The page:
THROUGH THE FIRE: An Unforgettable Anime Exhibit
By KYRA KARATSU
Anime Expo 2022 kicked off early last month, July 1-4 at the Los Angeles Convention Center.
Having received an invitation from the Society for the Promotion of Japanese Animation, I had the chance to experience my first anime convention (or really, the first convention already) this year alongside fellow newbies and longtime veterans. After browsing the many faces of the crowd, I began to appreciate the many fans, cosplayers, vendors, and collectors who came together to celebrate their favorite anime characters and favorite shows.
As in the past, attendees were able to choose from one-day passes all the way up to the four-day all-access pass. However, new to the convention this year was the queue to verify negative COVID-19 tests or vaccine cards. Located on Chick Hearn Court next to the Crypto.com (née Staples) Arena, attendees could then expect to receive wristbands authenticating their passage through the COVID screening station.
The convention center’s COVID-19 protocols were not without criticism, however. With fluctuating vaccine requirements and side-by-side aisles, grievances against Expo have generated discussions in person and online.
The pandemic has also had another grip on the convention. Attendance rates have steadily increased since the convention began in 1992, with 2022 being no exception. But, as the first in-person Anime Expo since 2019, some longtime fans have argued that this year’s surge in attendance stems in part from quarantine boredom.
“I think it had a lot to do with people’s boredom and their desire to find new hobbies and explore different kinds of media,” says Imogen Yang, who has been attending the Expo with her family since the ‘childhood. “With plenty of free time, it’s easy to want to find new movies and shows to jump into.”
Yet despite the new changes to the convention center, Anime Expo 2022 has kept the spirit of cosplay and creativity well fueled. From the subtle to the ornate, new and experienced cosplayers alike took to the convention center to show off their skills and craftsmanship.
Leon Vanguard, a cosplayer I spoke to on day one, spent over 800 hours on his cosplays. ”) for this year’s Expo.
“I’m a blacksmith, so I made this out of cardboard, then metal. I had to do some reworkings for the first time,” he says, pointing to Alphonse Elric’s (“Fullmetal Alchemist”) armor which he also displays in a wooden cart attached to his bicycle – a cosplay that he wore at previous Expos.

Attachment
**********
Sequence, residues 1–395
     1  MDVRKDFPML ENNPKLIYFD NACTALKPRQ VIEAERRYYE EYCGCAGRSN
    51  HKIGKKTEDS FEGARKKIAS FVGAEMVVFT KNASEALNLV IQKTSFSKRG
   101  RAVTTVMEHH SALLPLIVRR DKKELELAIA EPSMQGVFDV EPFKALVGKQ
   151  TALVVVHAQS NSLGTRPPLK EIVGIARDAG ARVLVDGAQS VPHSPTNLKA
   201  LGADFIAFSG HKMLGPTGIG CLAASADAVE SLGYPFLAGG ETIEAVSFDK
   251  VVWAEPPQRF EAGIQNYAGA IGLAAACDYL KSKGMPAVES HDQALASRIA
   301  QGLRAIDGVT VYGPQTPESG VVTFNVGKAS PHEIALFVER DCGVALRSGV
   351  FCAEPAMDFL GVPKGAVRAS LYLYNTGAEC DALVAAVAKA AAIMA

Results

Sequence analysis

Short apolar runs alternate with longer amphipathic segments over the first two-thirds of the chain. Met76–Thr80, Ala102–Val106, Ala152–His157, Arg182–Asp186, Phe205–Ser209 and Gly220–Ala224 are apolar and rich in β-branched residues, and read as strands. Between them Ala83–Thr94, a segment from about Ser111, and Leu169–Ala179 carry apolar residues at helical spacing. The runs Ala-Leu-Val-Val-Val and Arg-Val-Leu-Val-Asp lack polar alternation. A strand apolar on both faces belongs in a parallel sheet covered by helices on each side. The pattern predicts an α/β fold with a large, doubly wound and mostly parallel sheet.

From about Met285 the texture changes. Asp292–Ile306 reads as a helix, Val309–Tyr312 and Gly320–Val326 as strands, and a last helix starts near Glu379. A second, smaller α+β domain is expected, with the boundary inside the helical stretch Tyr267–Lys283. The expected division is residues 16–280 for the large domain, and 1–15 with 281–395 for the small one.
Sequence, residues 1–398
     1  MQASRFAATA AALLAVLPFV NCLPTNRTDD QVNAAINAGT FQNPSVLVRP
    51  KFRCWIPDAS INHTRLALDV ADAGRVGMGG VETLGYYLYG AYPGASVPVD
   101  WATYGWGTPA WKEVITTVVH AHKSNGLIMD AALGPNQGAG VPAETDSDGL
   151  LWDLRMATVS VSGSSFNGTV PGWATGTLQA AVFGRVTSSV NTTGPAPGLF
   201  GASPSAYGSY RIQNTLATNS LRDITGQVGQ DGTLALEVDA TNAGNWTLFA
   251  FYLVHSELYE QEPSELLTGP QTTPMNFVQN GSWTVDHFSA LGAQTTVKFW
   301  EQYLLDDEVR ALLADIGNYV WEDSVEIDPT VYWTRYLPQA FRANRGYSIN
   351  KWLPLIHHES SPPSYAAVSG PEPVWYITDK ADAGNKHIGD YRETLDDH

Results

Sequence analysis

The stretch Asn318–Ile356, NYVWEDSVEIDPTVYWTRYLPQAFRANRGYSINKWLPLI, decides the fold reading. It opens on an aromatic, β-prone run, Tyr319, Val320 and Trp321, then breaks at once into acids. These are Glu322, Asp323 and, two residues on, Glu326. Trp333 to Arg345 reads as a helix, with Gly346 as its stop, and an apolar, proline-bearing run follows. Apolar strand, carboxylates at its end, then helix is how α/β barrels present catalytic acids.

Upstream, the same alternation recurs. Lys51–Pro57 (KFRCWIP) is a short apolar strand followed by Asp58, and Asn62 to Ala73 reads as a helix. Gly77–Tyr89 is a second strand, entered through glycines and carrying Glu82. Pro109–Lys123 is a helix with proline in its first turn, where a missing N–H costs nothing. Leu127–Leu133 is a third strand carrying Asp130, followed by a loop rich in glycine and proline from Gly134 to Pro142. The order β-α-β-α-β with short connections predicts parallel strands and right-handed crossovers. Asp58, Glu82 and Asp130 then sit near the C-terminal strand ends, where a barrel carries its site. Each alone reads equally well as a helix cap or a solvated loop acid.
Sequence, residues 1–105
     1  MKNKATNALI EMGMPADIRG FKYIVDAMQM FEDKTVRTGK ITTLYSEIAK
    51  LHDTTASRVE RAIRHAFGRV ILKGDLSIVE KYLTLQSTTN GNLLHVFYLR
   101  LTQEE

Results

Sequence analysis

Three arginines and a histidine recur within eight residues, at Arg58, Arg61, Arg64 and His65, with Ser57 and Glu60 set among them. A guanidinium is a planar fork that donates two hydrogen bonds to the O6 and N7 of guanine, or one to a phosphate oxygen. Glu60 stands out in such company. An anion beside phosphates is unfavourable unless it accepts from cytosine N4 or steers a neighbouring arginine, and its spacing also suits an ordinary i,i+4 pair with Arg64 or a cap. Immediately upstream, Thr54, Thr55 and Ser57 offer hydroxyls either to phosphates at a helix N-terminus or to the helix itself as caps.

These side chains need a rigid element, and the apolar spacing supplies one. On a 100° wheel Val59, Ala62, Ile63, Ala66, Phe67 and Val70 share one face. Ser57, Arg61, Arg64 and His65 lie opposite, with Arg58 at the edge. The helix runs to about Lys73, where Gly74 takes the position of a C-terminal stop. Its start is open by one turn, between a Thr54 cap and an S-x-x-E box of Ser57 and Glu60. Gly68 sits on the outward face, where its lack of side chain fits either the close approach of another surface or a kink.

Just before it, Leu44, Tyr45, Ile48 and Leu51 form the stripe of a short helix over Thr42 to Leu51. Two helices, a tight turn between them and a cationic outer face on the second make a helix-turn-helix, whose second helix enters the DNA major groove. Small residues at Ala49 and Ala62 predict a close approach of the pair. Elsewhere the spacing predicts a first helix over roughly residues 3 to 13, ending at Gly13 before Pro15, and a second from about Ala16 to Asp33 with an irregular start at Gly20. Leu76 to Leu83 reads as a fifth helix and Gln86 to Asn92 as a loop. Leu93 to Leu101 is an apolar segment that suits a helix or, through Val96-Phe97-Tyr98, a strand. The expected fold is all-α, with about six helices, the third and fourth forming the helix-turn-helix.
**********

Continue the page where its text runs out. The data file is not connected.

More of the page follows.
“And it was made of copper and leather,” he says, showing off his Mumen Rider cosplay.
Cosplaying at Anime Expo is a unique experience, with throngs of photographers – amateur and professional – flooding the halls as well. Cameras in hand, cosplayers can expect an entourage of fans and enthusiasts, all eager to take a photo of or with their favorite characters.
“People like to take a lot of pictures. I think we got our picture taken more than we saw from the convention,” laughs one cosplayer, Olivia, wearing a Maki Zenin cosplay from “Jujutsu Kaisen.”
“I don’t mind,” adds her friend Anna, cosplaying Nobara Kugisaki (also from Jujutsu Kaisen). “People are excited. They’re excited to see our costumes, and I think that’s super cool. I love the energy that people bring to the convention.
In addition to taking photos with cosplayers, attendees were free to explore the Expo’s various events and activities. Among the many scheduled programs were TV show premieres, Q&A sessions with voice actors, industry and news panels, maid and butler coffees, movie screenings , musical performances and walks in the exhibition hall. Vendors were also an integral part of the convention’s livelihood, with Artist Alley attracting thousands of customers throughout the four days.
Japanese and Japanese American culture were also high on the Expo agenda. Proceeds from the annual Anime Expo Charity went to the JACCC while the Little Tokyo Historical Society, “The Fall and Rise of Little Tokyo,” and “Tanabata Festival Community Kazari Workshop” panels were among the many events showcasing the tradition. and history. A taiko workshop hosted by Torrance-based UnitOne also offered Expo visitors an introductory lesson in the spirit of Japanese taiko. Calling the participants row by row, the facilitators gave participants the opportunity to try their hand at the drum after a skillful demonstration.
“I thought it was a great experience because being able to see it and then being able to experience it was so different. It’s so much harder than it looks,” one participant commented after the panel.
Other events were also overflowing with that signature “otaku” energy – so much so that a handful of events reached their carrying capacity. Fans waited in countless queues that snaked inside and outside the convention center, while some of the most popular events were capped entirely at a certain number.
Either way, Anime Expo 2022 remained quite a spectacle and, at its core, embodied the heart of all things anime. Although I was arguably a chip next to the giants – my mere few months watching anime pale in comparison to those consuming the medium since years – it was not difficult to feel the fervor and passion that was taking hold in the masses.
“What has been your favorite event so far? I asked my last convention interviewee, show veteran Mariah Balandran.
“It’s a little hard to tell,” she said, her eyes raised to the ceiling, deep in thought. She looks at me with a smile and has her answer: “They were everything very funny.”
Kyra Karatsu is a sophomore and writes from Santa Clarita. She can be contacted at [email protected]
Pictures of KYRA KARATSU